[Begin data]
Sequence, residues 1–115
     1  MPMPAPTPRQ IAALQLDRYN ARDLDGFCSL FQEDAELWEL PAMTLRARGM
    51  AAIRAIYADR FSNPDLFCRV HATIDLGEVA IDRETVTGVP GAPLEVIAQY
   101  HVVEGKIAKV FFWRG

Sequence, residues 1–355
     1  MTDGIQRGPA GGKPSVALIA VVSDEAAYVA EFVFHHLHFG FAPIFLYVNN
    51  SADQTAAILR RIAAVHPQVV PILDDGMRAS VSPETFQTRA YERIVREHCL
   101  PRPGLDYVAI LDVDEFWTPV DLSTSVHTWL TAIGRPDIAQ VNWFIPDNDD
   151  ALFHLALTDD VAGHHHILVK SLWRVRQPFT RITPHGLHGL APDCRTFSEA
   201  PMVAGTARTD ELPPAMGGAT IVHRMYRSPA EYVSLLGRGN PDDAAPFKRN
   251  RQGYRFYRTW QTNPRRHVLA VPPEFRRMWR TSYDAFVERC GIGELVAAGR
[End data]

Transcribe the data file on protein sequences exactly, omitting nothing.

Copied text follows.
Sequence, residues 1–115
     1  MPMPAPTPRQ IAALQLDRYN ARDLDGFCSL FQEDAELWEL PAMTLRARGM
    51  AAIRAIYADR FSNPDLFCRV HATIDLGEVA IDRETVTGVP GAPLEVIAQY
   101  HVVEGKIAKV FFWRG

Sequence, residues 1–355
     1  MTDGIQRGPA GGKPSVALIA VVSDEAAYVA EFVFHHLHFG FAPIFLYVNN
    51  SADQTAAILR RIAAVHPQVV PILDDGMRAS VSPETFQTRA YERIVREHCL
   101  PRPGLDYVAI LDVDEFWTPV DLSTSVHTWL TAIGRPDIAQ VNWFIPDNDD
   151  ALFHLALTDD VAGHHHILVK SLWRVRQPFT RITPHGLHGL APDCRTFSEA
   201  PMVAGTARTD ELPPAMGGAT IVHRMYRSPA EYVSLLGRGN PDDAAPFKRN
   251  RQGYRFYRTW QTNPRRHVLA VPPEFRRMWR TSYDAFVERC GIGELVAAGR